In a period of political urgency and existential crises one would have to be quite contrarian to suggest that by slowing down we can actually speed up social change. In this networked age we see ideas and innovations go viral but wonder why this isn’t reproduced in the real world. Could it be that community-building and human relationships can’t be sped up? And that political change is essentially a social process that will always be people talking to people?
On 10 July I will be part of a group launching a new 10-day political pilgrimage-of-sorts from Plymouth Harbour, Devon to the Tolpuddle Martyrs’ Festival in Dorset. It will be a walking festival to connect the history of those famous Dorset farmer workers with the new co-operative and community-led initiatives that are reinventing our food system and changing the way we feed the future. The walk will network those who are actively part of what the New Economics Foundation has called the Great Transition, and will, I hope, activate those who know we can’t wait for the next crisis and who need something outside of traditional political channels and beyond the online inspiration industry.
Along the route we will be taking part in workdays and will share stories and strategies of social change from community to community. At Dartington’s School Farm we’ll be part of a ‘weed and feed’ at the new Community-Supported Agriculture scheme started by local women farmers as a response to our global food system. We’ll also be supporting local transition groups’ new initiatives – energy co-ops, credit unions, community food gardens – that are part of re-localizing our economic systems in response to peak oil, climate change and financial collapse. And we’re finding out about relevant events and local campaigns to support along the route from living wage campaigns to start-up community farms.
Another important aspect of the walk is the history of enclosure, land rights and how we can reclaim our evicted countryside, so we’ll be placing pilgrimage markers to landscape people’s history back into the public realm and celebrate those campaigning for access and working on the land. We’ve just starting working with a local stone carver, Rebecca Freiesleben, to create a milestone sculpture and we’re also planting saplings from the 334-year-old Sycamore tree that hosted the Tolpuddle Martyrs’ political meetings back in the 1830s. We are calling them ‘organizer trees’ to represent the need for more public open-air meeting spaces, much like the historical Gernikako Arbola was to local politics in the Basque or the more recent neighbourhood assemblies in post-crash Argentina.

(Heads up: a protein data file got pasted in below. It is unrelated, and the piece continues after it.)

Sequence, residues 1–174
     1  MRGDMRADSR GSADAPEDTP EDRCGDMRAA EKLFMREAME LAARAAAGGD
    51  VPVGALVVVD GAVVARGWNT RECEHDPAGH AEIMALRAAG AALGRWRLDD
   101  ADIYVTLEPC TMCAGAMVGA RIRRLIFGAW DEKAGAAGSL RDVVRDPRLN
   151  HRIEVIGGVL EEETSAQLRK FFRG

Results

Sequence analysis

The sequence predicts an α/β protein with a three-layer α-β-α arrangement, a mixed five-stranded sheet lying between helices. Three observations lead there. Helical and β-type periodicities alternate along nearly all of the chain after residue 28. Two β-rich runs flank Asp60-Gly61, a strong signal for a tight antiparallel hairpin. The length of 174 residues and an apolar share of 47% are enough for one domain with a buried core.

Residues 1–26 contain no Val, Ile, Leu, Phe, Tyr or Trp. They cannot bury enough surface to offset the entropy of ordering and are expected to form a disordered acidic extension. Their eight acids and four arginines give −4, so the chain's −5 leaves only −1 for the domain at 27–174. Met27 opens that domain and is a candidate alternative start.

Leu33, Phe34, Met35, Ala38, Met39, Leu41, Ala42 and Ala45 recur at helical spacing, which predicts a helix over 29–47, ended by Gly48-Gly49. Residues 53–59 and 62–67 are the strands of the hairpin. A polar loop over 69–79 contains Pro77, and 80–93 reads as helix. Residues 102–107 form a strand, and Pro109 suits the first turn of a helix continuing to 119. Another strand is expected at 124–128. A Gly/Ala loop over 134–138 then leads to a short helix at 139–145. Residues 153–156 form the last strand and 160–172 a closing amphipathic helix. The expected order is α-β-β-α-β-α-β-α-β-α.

One part of the recent surge of re-localization is the rise of the microbrewery. We are collaborating with Dorset’s Glye 59 to produce a specially commissioned beer – Freedom Hiker. Head brewer, Jon Hosking, has dug out a Tolpuddle-era (1830s) recipe using British hops and he will also be introducing an Australian variety to represent the Martyrs’ deportation. ‘I’m really happy to be involved with the Tolpuddle Pilgrimage and the events supporting local community projects that surround the build up to the Tolpuddle Martyrs’ Festival,’ says Hosking. ‘I hope that the beer will refresh the pilgrims, enhance the enjoyment of the people attending the events and celebrate the return of the Tolpuddle Martyrs to Dorset nearly 200 years ago!’
We’re encouraging local trade union branches, co-operatives, transition initiatives, landworkers, church groups, environmentalists and anyone who wants to support these new communities to join us on the pilgrimage - even if it’s only for a day walk. The Brazilian educator Paolo Friere said: ‘you make the path by walking it’ and we hope you’ll help us tread a new course so we can tell stories about what’s possible, decide what direction we should take and show that change is already happening.
Jonny Gordon-Farleigh is editor of STIR, a quarterly magazine of co-operative and
community-led alternatives. Find out more about the Tolpuddle Pilgrimage on Facebook or email email@example.com